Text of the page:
Consider administering a single-shot interscalene nerve block following shoulder surgery, which provides an excellent quality of recovery when combined with multimodal oral analgesia.
Researchers in the United Kingdom, using the recently developed Quality of Recovery-15 (QoR-15) score, found that those receiving the nerve block were functioning at or slightly above preoperative levels at 24 and 48 hours postoperatively. According to Damon Kamming, MD, consultant anesthesiologist at University College London Hospitals (UCLH), London, England, the patients continued to improve over the first postoperative week.
Dr. Kamming and Maria Chazapis, MD, a Darzi Fellow in Clinical Leadership at UCLH, presented their findings at the 2015 Regional Anesthesiology and Acute Pain Medicine annual meeting.
The QoR-15 is a “psychometrically tested and validated questionnaire,” according to the study. Used to measure outcomes after surgery and anesthesia, the QoR-15 can be completed with questioning over the telephone and takes less than two minutes. The QoR-15 has not yet been routinely used in research or clinical settings.
“We always felt anxious about sending patients home without catheters, because we were worried our patients would be in severe pain when the single-shot block wore off,” Dr. Kamming said. “However, we were also keen to continue the noncatheter route for safety reasons.”
Dr. Kamming explained that many patients at the hospital travel significant distances to get there, making it potentially challenging for the hospital to monitor how they are coping at home with the catheters.
There is also the potential for safety issues to develop with catheters, with potentially serious outcomes, including the risk for local anesthetic systemic toxicity if catheters migrate as patients go about their daily routines.
“We therefore decided to find out the quality of our patients’ experience postoperatively after a single-shot block to determine whether we actually needed to start a catheter service,” Dr. Kamming said. Drs. Kamming and Chazapis tracked the recovery of 117 shoulder surgery patients from June to November 2013.
The median age was 46.8 years, with 71 men and 46 women. The shoulder surgeries included the Latarjet procedure for anterior inferior shoulder instability, arthroscopic subacromial decompression and other arthroscopic procedures.
QoR-15 a Promising Instrument
Patients filled out a baseline QoR-15 before surgery. The QoR-15 was developed from the longer QoR-40, by a team that included Paul Myles, MD, director of the Department of Anaesthesia and Perioperative Medicine at Alfred Hospital and Monash University in Melbourne, Australia (Anesthesiology 2013;118:1332-1340). The QoR-15 asks 15 questions to assess five domains of patient-reported health status: pain, physical comfort, physical independence, psychological support and emotional state. The 11-point numerical rating scale leads to a minimum score of 0 (very poor recovery) and a maximum score of 150 (excellent recovery).
All patients received an awake ultrasound-guided single-shot interscalene nerve block with 0.5% bupivacaine and then were given a general anesthetic, Dr. Kamming said. Patients were educated and encouraged to take oral multimodal analgesia around the clock postoperatively before the block wore off.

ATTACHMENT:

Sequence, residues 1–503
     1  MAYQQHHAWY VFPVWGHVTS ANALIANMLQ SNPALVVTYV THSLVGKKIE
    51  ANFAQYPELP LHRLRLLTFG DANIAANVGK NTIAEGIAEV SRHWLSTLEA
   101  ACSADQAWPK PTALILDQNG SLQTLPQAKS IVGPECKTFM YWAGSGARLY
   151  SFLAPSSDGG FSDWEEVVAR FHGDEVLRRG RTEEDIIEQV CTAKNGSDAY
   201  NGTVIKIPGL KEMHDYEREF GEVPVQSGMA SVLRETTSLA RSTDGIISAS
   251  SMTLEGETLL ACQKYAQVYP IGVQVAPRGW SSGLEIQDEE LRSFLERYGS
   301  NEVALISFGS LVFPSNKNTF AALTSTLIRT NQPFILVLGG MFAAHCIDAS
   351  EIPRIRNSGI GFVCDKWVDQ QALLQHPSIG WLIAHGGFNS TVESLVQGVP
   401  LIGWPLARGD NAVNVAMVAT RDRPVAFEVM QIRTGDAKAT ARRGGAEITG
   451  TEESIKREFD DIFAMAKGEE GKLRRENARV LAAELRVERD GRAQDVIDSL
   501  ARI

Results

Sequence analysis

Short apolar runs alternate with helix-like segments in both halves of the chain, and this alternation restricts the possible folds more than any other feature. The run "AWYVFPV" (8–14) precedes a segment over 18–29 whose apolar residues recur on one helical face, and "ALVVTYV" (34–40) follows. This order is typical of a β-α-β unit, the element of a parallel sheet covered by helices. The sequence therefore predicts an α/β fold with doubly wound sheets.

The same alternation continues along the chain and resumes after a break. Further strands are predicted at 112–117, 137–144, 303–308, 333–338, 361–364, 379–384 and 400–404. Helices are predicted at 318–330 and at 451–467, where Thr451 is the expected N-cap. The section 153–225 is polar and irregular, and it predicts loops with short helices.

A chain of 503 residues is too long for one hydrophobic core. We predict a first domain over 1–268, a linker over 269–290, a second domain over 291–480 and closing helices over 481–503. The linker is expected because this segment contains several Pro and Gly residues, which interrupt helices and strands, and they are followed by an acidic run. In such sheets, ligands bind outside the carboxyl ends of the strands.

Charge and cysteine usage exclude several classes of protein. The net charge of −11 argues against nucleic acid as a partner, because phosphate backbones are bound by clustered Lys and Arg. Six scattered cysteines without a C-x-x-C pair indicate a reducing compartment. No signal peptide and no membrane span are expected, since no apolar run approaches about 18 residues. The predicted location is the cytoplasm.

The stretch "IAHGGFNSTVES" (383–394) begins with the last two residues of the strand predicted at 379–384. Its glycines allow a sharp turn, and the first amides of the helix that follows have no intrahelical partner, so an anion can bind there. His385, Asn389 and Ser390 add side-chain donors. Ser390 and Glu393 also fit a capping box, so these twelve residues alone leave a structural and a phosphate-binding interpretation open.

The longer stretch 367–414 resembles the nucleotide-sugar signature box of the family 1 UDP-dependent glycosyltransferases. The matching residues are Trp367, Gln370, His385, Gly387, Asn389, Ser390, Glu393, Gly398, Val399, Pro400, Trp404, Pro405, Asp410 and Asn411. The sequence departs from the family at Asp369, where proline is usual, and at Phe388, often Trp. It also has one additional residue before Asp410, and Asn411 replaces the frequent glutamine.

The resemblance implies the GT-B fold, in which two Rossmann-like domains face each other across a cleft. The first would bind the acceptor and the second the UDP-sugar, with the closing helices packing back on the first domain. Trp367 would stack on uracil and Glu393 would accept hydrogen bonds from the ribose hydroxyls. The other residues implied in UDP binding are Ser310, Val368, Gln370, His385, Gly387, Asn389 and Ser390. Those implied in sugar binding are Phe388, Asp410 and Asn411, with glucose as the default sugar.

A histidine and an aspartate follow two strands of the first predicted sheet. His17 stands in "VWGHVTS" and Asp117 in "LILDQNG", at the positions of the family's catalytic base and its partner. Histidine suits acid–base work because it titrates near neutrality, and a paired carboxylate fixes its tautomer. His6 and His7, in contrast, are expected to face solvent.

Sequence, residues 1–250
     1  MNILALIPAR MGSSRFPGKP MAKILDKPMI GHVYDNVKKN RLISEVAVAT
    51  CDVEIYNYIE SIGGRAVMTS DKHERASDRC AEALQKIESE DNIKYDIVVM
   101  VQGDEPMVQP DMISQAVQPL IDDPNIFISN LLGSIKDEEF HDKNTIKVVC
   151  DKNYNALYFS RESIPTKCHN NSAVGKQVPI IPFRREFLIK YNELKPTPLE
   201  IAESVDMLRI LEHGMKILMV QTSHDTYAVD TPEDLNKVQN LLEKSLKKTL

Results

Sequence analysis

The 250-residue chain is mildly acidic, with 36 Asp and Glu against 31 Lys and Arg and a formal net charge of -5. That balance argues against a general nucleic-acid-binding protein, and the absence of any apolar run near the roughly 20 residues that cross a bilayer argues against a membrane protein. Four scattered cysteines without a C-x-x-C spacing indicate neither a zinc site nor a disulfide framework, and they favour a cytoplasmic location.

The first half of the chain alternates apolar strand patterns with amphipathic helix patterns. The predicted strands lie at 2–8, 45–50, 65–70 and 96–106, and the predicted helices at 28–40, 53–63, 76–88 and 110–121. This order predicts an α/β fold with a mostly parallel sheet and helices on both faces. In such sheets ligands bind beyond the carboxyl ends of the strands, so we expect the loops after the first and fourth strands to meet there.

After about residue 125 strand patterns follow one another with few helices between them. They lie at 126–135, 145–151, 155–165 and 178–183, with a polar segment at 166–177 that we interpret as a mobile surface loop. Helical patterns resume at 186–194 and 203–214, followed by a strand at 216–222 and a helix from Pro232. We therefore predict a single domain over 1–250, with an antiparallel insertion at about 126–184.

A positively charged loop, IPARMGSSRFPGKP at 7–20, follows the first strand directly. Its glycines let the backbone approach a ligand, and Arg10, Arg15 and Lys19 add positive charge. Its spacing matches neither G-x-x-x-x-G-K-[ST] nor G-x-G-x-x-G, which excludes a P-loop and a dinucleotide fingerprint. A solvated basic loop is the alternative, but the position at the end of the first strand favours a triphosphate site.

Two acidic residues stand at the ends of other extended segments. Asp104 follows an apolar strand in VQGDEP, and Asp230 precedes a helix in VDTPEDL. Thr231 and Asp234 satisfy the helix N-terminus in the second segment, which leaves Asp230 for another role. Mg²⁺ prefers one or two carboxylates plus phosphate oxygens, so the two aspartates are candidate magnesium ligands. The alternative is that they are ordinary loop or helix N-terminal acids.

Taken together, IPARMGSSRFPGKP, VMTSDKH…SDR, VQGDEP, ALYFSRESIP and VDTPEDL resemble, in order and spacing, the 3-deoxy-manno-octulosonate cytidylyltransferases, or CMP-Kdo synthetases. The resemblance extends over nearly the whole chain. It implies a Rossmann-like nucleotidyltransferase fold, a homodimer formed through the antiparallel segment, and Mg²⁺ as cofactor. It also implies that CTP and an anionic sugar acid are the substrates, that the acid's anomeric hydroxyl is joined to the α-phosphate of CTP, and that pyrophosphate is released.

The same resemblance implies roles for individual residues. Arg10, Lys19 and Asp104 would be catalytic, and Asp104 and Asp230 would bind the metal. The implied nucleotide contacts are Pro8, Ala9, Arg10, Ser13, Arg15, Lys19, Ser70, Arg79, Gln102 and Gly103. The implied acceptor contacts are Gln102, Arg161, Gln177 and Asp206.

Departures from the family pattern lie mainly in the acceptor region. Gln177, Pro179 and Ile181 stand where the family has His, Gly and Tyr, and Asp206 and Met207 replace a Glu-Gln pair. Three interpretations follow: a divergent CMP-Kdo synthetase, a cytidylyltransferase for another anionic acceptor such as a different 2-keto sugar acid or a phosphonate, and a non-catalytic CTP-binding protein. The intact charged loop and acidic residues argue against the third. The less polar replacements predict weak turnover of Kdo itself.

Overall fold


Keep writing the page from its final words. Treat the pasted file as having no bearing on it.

Nurses called 24 and 48 hours and then one week after surgery to complete the QoR-15 questionnaire. Patients were asked, among other things, whether they felt rested, were able to use the toilet and attend to personal hygiene unaided, and whether they were experiencing moderate or severe pain.
On average, the patients scored 132 before surgery, 134 after 24 hours, 133 after 48 hours and 141 at seven days postoperatively, the study found. Postoperative severe pain immediately fell to minimal levels during the two days after surgery, and fell to very low levels at seven days after surgery.
However, Dr. Kamming said he was most encouraged by the success of the QoR-15 as a measurement of enhanced recovery and functional outcome in patients after surgery. He noted that 117 of a possible 132 shoulder surgery patients, or 87%, had agreed to fill out the survey, which takes roughly two minutes. “The QoR-15 is an acceptable and feasible patient-centered assessment of the quality of postoperative recovery and functional outcomes, as demonstrated by the high recruitment and response rate,” the study noted.
“For me it’s not about using catheters or not using catheters,” Dr. Kamming said. “What I think is essential for anesthesiology is deciding what we should be measuring and whether our patients agree [that] this is important and reflects their experience. The QoR-15 is a very good patient-reported outcome measure that is acceptable to our patients. Globally, there is currently no consensus for what score we should use to measure quality of recovery and functional outcomes after anesthesia.”
Dr. Kamming asked, “Could the QoR-15 score become the international gold-standard measurement of the quality of recovery after anesthesia?”
Still, more work needs to be done to back up the claims of the study that catheters are no longer needed following shoulder surgery, argued Lisa Warren, MD, co-directo r of acute pain and regional anesthesia at Massachusetts General Hospital in Boston.
Dr. Warren faulted the study for failing to use a control group, although she called the study “a good first step.”
“It would be great to have a follow-up on this,” she said, adding that the QoR-15 “does seem like a nice way to look at patient recovery post-op.”
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